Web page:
Dutch workers went on strike 33 times last year, up 11 on the 2021 total, but fewer people were involved, national statistics agency CBS said on Wednesday.
In total, 39,000 days were lost to strikes in 2022, compared with 59,000 in 2021. The 2022 total was the highest since 1988, when there were 38 official strikes.
The transport and logistics sector had more strikes – 13 – than any other, and was hit by 23,000 lost working days.
Most strikes were down to a combination of factors, with just eight due purely to wage demands, the CBS said.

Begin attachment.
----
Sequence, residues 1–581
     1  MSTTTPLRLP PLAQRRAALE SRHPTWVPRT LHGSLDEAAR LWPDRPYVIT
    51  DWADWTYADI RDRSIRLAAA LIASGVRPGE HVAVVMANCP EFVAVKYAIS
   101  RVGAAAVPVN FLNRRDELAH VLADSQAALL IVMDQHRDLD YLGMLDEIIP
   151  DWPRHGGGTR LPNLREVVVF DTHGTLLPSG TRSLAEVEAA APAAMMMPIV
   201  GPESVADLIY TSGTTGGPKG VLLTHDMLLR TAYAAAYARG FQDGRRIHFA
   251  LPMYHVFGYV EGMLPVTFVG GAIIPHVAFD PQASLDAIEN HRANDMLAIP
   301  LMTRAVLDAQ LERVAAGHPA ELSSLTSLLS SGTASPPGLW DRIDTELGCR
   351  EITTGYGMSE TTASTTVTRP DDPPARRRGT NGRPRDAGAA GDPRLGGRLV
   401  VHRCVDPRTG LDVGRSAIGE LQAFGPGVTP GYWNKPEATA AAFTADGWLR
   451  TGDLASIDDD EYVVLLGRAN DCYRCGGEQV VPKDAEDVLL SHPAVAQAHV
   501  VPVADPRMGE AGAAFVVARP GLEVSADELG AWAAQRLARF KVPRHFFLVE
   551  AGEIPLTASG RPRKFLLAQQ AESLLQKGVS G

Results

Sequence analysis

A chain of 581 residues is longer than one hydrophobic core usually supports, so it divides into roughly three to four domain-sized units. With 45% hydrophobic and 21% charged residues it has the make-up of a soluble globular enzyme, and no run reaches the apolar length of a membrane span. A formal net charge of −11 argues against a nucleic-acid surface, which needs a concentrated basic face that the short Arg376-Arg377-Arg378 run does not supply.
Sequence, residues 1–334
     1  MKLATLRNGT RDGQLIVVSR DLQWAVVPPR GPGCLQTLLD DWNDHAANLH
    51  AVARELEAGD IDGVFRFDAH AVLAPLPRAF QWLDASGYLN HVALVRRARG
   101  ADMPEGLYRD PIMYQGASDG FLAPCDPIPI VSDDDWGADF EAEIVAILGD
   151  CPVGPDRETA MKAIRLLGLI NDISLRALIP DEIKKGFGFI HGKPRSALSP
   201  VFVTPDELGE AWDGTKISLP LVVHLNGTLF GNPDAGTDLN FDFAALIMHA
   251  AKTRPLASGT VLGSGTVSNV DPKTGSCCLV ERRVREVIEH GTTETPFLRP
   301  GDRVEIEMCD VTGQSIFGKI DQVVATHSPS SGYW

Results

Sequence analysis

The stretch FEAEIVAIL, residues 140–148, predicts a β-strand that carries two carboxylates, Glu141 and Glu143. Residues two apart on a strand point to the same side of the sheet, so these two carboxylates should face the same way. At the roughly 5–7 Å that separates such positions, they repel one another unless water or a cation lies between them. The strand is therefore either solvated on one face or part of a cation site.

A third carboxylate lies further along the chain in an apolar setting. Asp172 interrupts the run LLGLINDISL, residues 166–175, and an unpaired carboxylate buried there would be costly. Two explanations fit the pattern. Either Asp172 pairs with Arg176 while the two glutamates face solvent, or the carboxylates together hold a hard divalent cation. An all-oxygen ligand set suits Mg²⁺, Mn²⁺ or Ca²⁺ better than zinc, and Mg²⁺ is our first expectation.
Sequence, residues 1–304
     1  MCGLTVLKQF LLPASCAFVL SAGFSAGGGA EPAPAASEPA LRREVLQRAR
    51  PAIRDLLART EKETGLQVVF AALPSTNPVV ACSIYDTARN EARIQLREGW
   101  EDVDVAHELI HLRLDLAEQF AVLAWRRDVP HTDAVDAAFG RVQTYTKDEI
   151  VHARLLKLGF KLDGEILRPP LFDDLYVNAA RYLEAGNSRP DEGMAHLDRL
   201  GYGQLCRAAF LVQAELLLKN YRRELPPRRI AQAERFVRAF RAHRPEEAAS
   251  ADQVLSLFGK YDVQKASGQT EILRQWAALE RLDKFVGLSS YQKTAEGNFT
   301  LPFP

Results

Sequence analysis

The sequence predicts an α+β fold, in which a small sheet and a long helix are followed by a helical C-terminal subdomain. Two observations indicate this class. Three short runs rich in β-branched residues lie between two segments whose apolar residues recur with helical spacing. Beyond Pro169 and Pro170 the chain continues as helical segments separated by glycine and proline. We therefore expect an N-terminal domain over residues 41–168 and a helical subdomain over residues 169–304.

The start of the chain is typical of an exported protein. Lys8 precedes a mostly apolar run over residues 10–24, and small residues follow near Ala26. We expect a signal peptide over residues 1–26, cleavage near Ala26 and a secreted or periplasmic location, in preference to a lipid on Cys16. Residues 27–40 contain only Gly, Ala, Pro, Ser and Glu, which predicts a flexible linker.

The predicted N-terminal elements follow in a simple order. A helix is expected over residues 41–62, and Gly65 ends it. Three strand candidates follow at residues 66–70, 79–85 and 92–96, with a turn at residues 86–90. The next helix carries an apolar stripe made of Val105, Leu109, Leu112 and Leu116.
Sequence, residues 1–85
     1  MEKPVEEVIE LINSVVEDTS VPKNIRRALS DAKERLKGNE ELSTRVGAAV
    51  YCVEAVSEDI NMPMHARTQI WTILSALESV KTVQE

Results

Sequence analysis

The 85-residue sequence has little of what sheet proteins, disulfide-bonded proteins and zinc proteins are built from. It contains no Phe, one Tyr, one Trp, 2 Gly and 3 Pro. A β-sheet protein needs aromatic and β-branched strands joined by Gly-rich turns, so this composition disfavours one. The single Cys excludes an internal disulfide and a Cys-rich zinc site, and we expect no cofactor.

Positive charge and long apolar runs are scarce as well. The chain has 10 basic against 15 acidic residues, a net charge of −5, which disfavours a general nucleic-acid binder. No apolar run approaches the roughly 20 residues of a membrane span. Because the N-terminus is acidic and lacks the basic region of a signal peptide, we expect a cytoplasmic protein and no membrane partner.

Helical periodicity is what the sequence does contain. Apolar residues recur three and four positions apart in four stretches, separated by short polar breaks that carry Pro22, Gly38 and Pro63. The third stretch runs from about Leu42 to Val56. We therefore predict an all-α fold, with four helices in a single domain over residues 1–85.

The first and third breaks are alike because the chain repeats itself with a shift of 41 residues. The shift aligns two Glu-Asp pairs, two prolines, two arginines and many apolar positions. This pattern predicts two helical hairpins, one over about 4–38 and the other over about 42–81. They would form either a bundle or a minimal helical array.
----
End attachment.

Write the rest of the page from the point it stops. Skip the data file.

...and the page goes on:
The 2022 total may well be topped by 2023. In March, trade union federation FNV said there had been 24 stoppages in the first three months of the year as workers called for wage rises to offset soaring inflation.
These included bin collectors’ strikes in major cities, walkouts by bus and train drivers and hospital care being reduced to a weekend rota. Staff at companies including Etos, the Bijenkorf department store chain, PostNL and Douwe Egberts also staged walkouts and there was the first strike in ING history.
Albert Heijn distribution centre staff are currently on strike and the FNV itself has also now been hit. Its own staff walked out this week after rejecting two pay offers.
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